According to Macher, the intended audience of the report is the US government officials, contributors and potential funders of Hindu nationalist projects and those who study diasporic nationalisms. The report also flags irregularities to probe into further investigation.

“The report makes it clear, in no uncertain terms, that the Hindu Right is powerful and well-financed in the United States and supports Hindu nationalist efforts in India,” wrote academic professional Audrey Truschke to ThePrint.

Also read: BJP-backed influencers using YouTube to target Muslims & women, says NYU Stern Centre report

Attempts to rewrite textbooks

The question of what the money is used for is still murky.

One definitive goal — with a transparent money trail — is putting pressure on the American educational system to change the way Hindus and Hinduism are represented. The report points to two occasions (in 2005 and in 2016) when the HAF and the HSS-affiliated Uberoi Foundation for Religious Studies tried to edit out the term “Dalit” from US textbooks.

The HAF denied that they tried to edit out the word ‘Dalit’ — instead, they had suggested rewording sections of a textbook to clearly distinguish between varna and jati.

The Uberoi Foundation spent at least half-a-million dollars on education between 2010 and 2016. The report claims that this involved influencing public school textbooks, setting up university endowments, training teachers, and allotting research grants.

At least $142,000 of the Uberoi Foundation’s money — the largest share of the half-million — went to the HAF between 2012 and 2016. The HAF wrote to ThePrint that they used “grants from the Uberoi Foundation to further our educational work, ensuring that Hindus and Hinduism are portrayed accurately, based on the rigorous and academically vetted scholarship in the US educational system and in US textbooks.”

Another group, the Dharma Civilization Foundation (DCF), has tried to endow and establish academic programmes in at least three universities. The DCF pledged $3.24 million to the School of Religion at the University of Southern California, $4.4 million to the Graduate Theological Union, and $6 million to the University of California at Irvine. The last university refused the $6 million endowment after students raised questions about the group’s suspected ties to Hindu nationalism.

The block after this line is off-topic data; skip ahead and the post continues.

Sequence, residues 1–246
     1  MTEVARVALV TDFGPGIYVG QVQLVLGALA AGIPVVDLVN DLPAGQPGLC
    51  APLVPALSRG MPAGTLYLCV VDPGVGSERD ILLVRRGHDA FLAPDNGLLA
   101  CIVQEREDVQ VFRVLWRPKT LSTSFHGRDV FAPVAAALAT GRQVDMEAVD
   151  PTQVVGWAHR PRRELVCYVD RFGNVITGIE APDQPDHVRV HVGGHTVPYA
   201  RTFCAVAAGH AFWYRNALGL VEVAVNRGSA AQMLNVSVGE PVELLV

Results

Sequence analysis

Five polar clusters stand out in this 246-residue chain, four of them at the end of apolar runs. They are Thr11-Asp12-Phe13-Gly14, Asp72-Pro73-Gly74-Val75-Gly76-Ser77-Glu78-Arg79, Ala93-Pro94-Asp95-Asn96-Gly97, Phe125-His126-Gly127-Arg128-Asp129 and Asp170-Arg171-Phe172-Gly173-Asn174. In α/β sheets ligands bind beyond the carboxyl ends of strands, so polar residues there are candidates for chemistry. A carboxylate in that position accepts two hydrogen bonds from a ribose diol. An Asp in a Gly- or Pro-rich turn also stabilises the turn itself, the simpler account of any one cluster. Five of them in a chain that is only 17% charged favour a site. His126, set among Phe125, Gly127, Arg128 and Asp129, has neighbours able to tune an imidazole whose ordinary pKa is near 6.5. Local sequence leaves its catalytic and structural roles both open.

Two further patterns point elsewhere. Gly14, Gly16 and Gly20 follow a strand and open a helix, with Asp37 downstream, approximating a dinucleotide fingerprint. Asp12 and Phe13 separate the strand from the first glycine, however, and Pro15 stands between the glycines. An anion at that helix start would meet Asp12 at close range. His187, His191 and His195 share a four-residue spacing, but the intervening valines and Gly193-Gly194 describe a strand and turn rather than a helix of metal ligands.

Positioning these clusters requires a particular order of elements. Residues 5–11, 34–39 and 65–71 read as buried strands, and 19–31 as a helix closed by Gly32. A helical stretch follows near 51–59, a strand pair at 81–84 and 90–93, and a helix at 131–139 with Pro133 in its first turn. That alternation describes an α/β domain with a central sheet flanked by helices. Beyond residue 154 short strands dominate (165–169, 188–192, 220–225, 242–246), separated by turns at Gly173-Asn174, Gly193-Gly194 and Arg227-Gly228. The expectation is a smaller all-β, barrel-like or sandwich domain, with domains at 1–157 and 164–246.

The experiences of Hindu American students in the US also seem to be a cause for concern — the Hindu Education Foundation tried to connect bullying against Hindu students to the portrayal of Hinduism in US textbooks. The Hindu Education Foundation is a project of the HSS — the latter’s tax returns from 2011 to 2019 say the organisation is “doing business as the Hindu Education Foundation”.

In an email to ThePrint, the HSS stated that it is an “an independent 501(c)(3) non-profit organisation organised under the laws of the United States,” and its mission is to “bring together the Hindu Americans, impart Hindu culture to our future generations, and collectively contribute to and serve our local communities in the US.”

“We believe the report you referred to is a politically motivated smear campaign against HSS and other Hindu organisations,” the HSS wrote. “Such reports and aligned anti-Hindu activities are the root cause of rising Hinduphobia and hate crimes against local Hindus in the United States.”

Also read: India’s blasphemy battles—Hindu or Muslim—show reason has succumbed to faith

Fighting ‘Hinduphobia’ with ‘Hindutva’ 

Even within the vast array of identity-based groups in the US, there’s an ongoing battle – between a camp that wants to dismantle Hindutva and one that wants to protest against Hinduphobia. Both camps go head-to-head stateside over politics in India.

A more recent clash was over a 2021 conference called Hindu Nationalism, Dismantling Global Hindutva: Multidisciplinary Perspectives. Participants and organisers received massive pushback from Hindu groups in the US, with some participants choosing to withdraw after they received death threats. Over 1 million emails were sent to the universities involved in the conference, pressuring them to shut the conference down.

The clarion call was that it was ‘Hinduphobic’.

The term has political purchase, according to academic and co-founder of the India Explained podcast, Rohit Chopra. “The term ‘Hinduphobia’ is being weaponised. Even mentioning caste now is Hinduphobic,” he said. “Criticising anything related to Hinduism and India can now be considered Hinduphobic.”

(Edited by Humra Laeeq)